We meet a lot of entrepreneurs and startups through Innovation Breakfast and Mass Innovation Nights. (If we don’t know you already, come introduce yourself!) Once we get past the introductions and initial explanation of what a company concept is, the next question is “How are you going to make money?” This is especially true of Web-based startups and other tech-based ventures. These companies have been caught up in the swirl around the freemium business model. I would submit that most go beyond freemium and are squarely in the free camp.
What is freestrapping? Start with the definition of bootstrapping. Bootstrapping your startup means you are not accepting outside help — no friends and family funds, no angel funding, and no venture capital. Bootstrapping generally means you are able to fund your business by internal means. In the strictest sense, a bootstrapped company should be a lean enterprise that supports operations from an early (often small) revenue stream, selling enough product or services to keep the door open. Often workers are ill-paid and excess revenues get put back into growing the organization.
But many startups today have crossed over the line into freestrapping. Pay isn’t “low”, it’s “no”. Operations aren’t lean, they are free. Revenues aren’t small, they don’t exist. That’s right — no revenue and no overhead that can be strictly assigned to the business. Workers work virtually so there’s no office. Or maybe they spend hours at the local coffee shop mooching Internet access. They work for free, sustaining themselves some other way. Maybe they work part-time, have a working spouse, still collect unemployment or have “walk-away” money from their last gig. There are no materials in the strictest sense since they are creating a web-based or mobile application. Even their tools are free. Can you say open source? Or maybe they are using a “free 30 day trial” of a development tool. (Ah, so that’s why the agile development scrums are so short!) They are creating something from nothing. (And, yes, guilty as charged. That’s how we did it. There were a few out-of-pocket expenses but so far nothing that seriously cut into my coffee habit.)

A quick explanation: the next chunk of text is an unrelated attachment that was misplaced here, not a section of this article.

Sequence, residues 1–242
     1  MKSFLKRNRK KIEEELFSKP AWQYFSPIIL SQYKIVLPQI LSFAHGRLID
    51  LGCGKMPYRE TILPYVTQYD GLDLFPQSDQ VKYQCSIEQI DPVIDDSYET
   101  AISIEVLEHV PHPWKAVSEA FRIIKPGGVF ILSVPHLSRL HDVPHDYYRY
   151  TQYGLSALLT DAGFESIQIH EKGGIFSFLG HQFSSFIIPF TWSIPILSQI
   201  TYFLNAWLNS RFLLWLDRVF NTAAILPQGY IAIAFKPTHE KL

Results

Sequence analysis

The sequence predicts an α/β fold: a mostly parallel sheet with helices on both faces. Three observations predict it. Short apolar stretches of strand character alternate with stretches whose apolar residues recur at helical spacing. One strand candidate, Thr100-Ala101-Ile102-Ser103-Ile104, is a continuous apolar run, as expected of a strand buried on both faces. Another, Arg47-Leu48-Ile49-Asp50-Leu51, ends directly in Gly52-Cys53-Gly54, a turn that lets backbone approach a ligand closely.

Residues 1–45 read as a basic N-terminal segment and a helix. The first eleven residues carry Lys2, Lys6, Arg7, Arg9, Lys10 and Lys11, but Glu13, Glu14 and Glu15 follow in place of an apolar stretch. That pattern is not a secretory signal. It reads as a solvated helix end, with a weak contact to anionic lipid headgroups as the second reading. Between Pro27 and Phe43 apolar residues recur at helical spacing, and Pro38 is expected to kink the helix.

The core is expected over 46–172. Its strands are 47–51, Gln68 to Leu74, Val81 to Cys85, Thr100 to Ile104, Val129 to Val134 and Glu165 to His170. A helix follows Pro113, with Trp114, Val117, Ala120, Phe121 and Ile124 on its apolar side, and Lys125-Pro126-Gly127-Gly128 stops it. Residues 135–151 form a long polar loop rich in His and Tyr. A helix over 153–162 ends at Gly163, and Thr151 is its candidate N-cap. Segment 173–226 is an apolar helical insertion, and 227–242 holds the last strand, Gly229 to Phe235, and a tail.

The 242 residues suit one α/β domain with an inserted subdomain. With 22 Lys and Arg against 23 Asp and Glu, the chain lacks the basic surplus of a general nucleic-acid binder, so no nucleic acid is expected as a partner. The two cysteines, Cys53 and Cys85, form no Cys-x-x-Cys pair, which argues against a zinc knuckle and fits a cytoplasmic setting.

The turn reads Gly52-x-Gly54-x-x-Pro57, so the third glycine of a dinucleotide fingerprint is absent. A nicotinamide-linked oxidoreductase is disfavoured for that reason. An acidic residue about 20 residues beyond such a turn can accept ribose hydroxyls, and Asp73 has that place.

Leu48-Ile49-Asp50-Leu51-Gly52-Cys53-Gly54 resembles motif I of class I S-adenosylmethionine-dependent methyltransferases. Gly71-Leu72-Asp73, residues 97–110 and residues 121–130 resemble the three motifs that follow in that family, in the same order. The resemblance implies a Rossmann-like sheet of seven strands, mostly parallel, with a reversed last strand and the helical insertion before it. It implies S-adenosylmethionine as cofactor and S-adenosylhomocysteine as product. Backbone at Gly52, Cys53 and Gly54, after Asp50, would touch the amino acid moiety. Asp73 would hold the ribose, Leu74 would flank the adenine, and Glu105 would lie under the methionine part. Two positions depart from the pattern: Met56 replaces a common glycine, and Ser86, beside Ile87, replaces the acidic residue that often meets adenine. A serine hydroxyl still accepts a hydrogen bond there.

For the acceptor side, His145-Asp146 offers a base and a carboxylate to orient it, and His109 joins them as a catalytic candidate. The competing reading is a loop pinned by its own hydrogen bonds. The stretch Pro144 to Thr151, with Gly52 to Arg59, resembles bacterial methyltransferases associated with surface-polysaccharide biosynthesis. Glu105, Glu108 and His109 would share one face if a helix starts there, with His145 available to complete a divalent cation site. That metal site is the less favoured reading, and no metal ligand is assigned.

If you are an experienced bootstrapper, this all sounds familiar, right? You are used to making nothing or next to nothing. The difference, and the trouble lies in the lack of revenue or prospects for revenue and the use of free raw materials and tools. The expectation of free has become so pervasive that we are harming our economy’s ability to grow. How can we make a living if we give everything away for free? And why should we expect anyone to pay for what we produce when we don’t pay for the tools we use?
Shades of the dot.com bubble. Are you living in a freemium world? Are you freestrapping? Do you have a business plan that relies on building up a base of non-paying customers? And not just a sample or a trial, are you giving away the whole product?
In other, less free-oriented times, entrepreneurial communities supported each other. One small business buys products from another and a network starts to form. The companies start to form their own economy. In a freemium-oriented world, this doesn’t happen. Are we creating a non-economy?